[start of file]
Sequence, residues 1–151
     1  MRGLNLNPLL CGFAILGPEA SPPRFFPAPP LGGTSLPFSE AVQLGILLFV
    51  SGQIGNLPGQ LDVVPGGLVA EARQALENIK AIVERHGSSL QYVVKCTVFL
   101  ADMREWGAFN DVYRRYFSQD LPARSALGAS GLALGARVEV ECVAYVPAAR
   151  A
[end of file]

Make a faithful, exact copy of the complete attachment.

Sequence, residues 1–151
     1  MRGLNLNPLL CGFAILGPEA SPPRFFPAPP LGGTSLPFSE AVQLGILLFV
    51  SGQIGNLPGQ LDVVPGGLVA EARQALENIK AIVERHGSSL QYVVKCTVFL
   101  ADMREWGAFN DVYRRYFSQD LPARSALGAS GLALGARVEV ECVAYVPAAR
   151  A